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At 7 Art Galleries, the Ecstatic Flow of Paint and the Stories It Can Tell: Larry Poons

Larry Poons has always been something of a maverick who trusts his instincts and never minds fashion. He first became known in the early 1960s for stripped down “dot” paintings whose combination of evenly stained color, punctuated with small precise lozenges, aligned him with Color Field, Minimalism and Op Art in one fell swoop. By the late 1960s, he had gone heavy-duty, creating thick, creviced topographies of paint poured on horizontal unstretched canvases soon designated the “Elephant Skin” series.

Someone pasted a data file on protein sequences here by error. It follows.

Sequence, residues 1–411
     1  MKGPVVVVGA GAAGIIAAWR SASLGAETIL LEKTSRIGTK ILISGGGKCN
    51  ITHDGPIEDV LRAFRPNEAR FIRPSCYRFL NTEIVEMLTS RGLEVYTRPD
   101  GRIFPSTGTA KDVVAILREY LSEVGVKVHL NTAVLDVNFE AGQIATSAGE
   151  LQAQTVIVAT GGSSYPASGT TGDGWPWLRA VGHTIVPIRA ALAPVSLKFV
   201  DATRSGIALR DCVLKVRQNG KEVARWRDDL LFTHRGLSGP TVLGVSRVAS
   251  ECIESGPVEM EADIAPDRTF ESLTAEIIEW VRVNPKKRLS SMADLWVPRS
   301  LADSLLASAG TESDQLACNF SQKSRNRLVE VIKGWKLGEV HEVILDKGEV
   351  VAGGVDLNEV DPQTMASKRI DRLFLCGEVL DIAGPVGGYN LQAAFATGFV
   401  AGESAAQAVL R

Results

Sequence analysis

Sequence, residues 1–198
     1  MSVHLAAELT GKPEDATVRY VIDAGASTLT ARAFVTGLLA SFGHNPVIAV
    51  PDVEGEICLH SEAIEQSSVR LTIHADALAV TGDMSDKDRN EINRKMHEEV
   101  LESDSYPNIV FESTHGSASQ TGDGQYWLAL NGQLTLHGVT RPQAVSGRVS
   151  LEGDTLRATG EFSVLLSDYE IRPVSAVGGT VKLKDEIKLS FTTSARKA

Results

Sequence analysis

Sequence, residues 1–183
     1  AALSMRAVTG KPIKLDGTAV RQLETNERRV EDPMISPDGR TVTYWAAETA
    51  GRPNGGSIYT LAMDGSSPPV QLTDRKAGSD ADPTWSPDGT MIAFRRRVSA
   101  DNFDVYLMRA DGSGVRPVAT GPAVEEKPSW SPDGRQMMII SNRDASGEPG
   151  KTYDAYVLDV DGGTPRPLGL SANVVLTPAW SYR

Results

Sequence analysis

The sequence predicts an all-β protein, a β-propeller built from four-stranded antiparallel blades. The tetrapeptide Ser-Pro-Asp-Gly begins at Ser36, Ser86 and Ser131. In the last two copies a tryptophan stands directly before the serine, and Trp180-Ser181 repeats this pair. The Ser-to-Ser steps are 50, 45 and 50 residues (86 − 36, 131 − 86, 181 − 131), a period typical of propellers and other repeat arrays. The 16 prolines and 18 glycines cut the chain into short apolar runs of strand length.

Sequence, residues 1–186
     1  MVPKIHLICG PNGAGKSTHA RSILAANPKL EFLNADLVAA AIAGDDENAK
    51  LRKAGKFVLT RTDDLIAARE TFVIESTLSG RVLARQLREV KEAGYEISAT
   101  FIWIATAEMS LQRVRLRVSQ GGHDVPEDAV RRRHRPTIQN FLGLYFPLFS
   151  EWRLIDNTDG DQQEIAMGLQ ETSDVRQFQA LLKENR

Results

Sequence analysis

By 1971, the canvas was back on the wall, and Mr. Poons was throwing paint from cans and buckets, always aiming high. It ran down the surface in thick rivulets as funkily literal as they are associational. Words like vines, rain, waterfalls and fountains run through the mind in this rare and wonderful show, titled “Ruffles Queequeg + The Throw Decade 1971-1981.” (The reference to Queequeg of “Moby Dick” fame is a transitional wavelike work.) I can imagine these pieces holding their own against Monet’s “Waterlilies.” In an essay in the catalog, Frank Stella, the painter and Mr. Poons’s friend, calls him “Mr. Natural,” which seems accurate.

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